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Bad Connections - Sistering balcony joist with no back span?

Bad Connections - Sistering balcony joist with no back span?

(OP)
I have been creating assessment reports for exterior balconies here in California. I see a lot of floor joist cantilevered to create balconies. The problem is the framing is Douglas-Fir (not pressure treated or decay resistant). Over time the cantilevered portion of joist decays and the owners hire contractors to create a fix. The repair I see over and over is sistering new pressure treated joist onto the existing decayed joist, but without a back span(no one wants to tear into the interior to run the sistered joist back). I have most recently seen a "reputable large contractor" cut the DF joist back and use screws and or lag bolts to attach a ledger into the end grain of the existing joist (the far exterior end is then supported with a beam and posts). These both seem like really bad connections. The sistering fix must resist the bending moment through the screws ( I've yet to see some supporting calcs when there is an engineer involved) and the ledger fix relies on the exposed end grain of non decay resistant wood. I think the code requires a reduction of (Ceg=0.67) to take into account for the end grain connection being weaker...but still, even if it does calc out now, shouldn't we be concerned that this design relies on the end grain of existing non-decay resisting joist? We have a lot of fog in our area and the moisture in the air often wicks into the end grain and results in decay. Despite my concerns the contractor is continuing to build this way with cost as a justification and has seemed to have found an engineer to sign off on these type of fixes. Does anyone have any experience with these types of connections or know of any resources that may shed some more light on this issue? The NDS and my timber manuals don't seem to address these type of connections....I suspect because they are no good.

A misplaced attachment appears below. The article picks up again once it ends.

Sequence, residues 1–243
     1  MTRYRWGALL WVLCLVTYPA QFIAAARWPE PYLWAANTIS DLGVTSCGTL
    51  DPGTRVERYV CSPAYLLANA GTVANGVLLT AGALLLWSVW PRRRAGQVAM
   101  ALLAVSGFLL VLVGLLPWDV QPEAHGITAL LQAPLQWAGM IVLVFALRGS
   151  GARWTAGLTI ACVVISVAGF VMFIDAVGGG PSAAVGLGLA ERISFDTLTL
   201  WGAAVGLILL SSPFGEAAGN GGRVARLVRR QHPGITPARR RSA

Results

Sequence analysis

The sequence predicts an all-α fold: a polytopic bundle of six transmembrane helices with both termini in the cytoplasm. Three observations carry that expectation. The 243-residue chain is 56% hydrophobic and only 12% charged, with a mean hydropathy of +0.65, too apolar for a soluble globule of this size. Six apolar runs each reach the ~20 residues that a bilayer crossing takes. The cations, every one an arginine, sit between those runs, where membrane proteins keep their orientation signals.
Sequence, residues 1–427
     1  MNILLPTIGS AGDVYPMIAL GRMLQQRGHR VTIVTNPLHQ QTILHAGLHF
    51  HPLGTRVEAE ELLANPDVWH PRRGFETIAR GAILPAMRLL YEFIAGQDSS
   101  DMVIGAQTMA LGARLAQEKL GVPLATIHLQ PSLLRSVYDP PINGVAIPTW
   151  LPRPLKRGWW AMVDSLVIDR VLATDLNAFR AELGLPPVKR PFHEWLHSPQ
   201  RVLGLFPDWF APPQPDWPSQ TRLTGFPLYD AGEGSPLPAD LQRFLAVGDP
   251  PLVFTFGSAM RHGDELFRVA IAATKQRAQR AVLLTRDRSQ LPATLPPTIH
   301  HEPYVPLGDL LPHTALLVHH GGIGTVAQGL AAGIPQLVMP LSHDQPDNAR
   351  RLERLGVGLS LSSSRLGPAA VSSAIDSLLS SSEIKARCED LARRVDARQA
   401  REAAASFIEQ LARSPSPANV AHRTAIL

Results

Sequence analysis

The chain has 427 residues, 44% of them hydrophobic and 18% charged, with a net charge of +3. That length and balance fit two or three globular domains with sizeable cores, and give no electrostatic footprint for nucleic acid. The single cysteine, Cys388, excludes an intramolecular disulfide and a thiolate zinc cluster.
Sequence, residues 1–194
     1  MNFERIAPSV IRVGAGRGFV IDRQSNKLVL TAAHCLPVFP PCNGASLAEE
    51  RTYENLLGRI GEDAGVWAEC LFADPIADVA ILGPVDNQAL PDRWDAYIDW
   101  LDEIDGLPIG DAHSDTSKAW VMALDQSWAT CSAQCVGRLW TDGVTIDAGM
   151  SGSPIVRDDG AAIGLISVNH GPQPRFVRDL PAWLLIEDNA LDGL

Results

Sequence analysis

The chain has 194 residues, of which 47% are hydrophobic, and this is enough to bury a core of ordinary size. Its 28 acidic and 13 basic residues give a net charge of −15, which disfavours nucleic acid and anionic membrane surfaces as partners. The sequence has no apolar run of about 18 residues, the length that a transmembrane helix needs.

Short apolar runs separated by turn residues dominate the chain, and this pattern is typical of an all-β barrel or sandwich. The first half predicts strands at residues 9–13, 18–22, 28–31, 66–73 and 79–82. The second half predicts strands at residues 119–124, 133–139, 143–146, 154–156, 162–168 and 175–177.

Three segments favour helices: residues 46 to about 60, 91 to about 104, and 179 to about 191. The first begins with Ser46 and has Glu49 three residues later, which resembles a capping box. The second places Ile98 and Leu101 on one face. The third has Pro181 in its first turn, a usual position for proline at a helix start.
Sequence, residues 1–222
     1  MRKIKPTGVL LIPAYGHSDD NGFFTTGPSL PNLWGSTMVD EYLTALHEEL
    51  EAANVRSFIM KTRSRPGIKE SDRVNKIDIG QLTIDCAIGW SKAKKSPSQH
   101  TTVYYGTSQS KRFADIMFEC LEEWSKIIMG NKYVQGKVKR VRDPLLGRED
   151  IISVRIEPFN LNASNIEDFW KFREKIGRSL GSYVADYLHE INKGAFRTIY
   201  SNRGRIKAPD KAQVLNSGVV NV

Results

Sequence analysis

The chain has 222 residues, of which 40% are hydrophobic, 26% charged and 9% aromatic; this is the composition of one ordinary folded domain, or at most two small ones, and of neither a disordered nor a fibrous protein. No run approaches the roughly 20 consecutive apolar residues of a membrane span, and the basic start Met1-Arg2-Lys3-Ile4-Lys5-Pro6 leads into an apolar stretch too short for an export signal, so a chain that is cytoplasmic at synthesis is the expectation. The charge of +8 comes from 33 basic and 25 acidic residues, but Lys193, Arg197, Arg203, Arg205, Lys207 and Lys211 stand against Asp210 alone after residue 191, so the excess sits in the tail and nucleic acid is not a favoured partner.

I've attached some pictures for clarification. http://gillypepper.smugmug.com/Bad-Connections/

Thanks in advance for any input. I've enjoyed this site for many years!

RE: Bad Connections - Sistering balcony joist with no back span?

Hmmmn. Put a row of 4x4's vertical up against the stucco wall under the new PT header down to a foundation in the dirt below?

And "obviously" this is "not" in any of those California earthquake zones of course......

RE: Bad Connections - Sistering balcony joist with no back span?

I haven't seen that detail used, but I sure as hell wouldn't sign off on it.
If they want to cut off the backspan they need to drop a couple of posts at the end.
Or provide knee braces to the stud wall.
I think it's pretty rare feat to be able to accomplish a moment connection in wood.